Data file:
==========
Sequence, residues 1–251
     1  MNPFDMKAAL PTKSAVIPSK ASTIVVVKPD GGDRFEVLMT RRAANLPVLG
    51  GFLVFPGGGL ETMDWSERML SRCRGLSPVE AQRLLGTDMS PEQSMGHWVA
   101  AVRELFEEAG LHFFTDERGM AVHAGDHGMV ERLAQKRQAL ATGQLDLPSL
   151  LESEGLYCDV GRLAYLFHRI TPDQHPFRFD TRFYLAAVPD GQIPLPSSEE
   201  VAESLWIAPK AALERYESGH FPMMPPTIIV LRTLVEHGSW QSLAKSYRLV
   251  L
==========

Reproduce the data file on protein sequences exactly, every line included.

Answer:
Sequence, residues 1–251
     1  MNPFDMKAAL PTKSAVIPSK ASTIVVVKPD GGDRFEVLMT RRAANLPVLG
    51  GFLVFPGGGL ETMDWSERML SRCRGLSPVE AQRLLGTDMS PEQSMGHWVA
   101  AVRELFEEAG LHFFTDERGM AVHAGDHGMV ERLAQKRQAL ATGQLDLPSL
   151  LESEGLYCDV GRLAYLFHRI TPDQHPFRFD TRFYLAAVPD GQIPLPSSEE
   201  VAESLWIAPK AALERYESGH FPMMPPTIIV LRTLVEHGSW QSLAKSYRLV
   251  L